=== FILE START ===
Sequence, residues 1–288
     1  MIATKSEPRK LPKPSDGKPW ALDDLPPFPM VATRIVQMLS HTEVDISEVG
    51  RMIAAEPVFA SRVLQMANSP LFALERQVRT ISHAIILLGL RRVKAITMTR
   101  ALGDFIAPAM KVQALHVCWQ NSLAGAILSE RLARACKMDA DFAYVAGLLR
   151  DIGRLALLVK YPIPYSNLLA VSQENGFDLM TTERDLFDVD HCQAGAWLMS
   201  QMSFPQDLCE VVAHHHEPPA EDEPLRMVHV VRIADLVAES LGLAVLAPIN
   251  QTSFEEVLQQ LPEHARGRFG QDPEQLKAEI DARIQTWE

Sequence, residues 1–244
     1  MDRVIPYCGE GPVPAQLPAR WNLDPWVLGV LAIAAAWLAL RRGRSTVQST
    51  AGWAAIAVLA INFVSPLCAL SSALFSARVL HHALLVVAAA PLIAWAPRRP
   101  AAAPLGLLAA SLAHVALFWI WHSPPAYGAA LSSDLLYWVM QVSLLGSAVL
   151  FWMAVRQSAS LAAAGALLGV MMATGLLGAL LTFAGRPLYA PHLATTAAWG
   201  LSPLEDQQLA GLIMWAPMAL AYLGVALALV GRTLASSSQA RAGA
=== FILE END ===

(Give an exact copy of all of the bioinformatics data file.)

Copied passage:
Sequence, residues 1–288
     1  MIATKSEPRK LPKPSDGKPW ALDDLPPFPM VATRIVQMLS HTEVDISEVG
    51  RMIAAEPVFA SRVLQMANSP LFALERQVRT ISHAIILLGL RRVKAITMTR
   101  ALGDFIAPAM KVQALHVCWQ NSLAGAILSE RLARACKMDA DFAYVAGLLR
   151  DIGRLALLVK YPIPYSNLLA VSQENGFDLM TTERDLFDVD HCQAGAWLMS
   201  QMSFPQDLCE VVAHHHEPPA EDEPLRMVHV VRIADLVAES LGLAVLAPIN
   251  QTSFEEVLQQ LPEHARGRFG QDPEQLKAEI DARIQTWE

Sequence, residues 1–244
     1  MDRVIPYCGE GPVPAQLPAR WNLDPWVLGV LAIAAAWLAL RRGRSTVQST
    51  AGWAAIAVLA INFVSPLCAL SSALFSARVL HHALLVVAAA PLIAWAPRRP
   101  AAAPLGLLAA SLAHVALFWI WHSPPAYGAA LSSDLLYWVM QVSLLGSAVL
   151  FWMAVRQSAS LAAAGALLGV MMATGLLGAL LTFAGRPLYA PHLATTAAWG
   201  LSPLEDQQLA GLIMWAPMAL AYLGVALALV GRTLASSSQA RAGA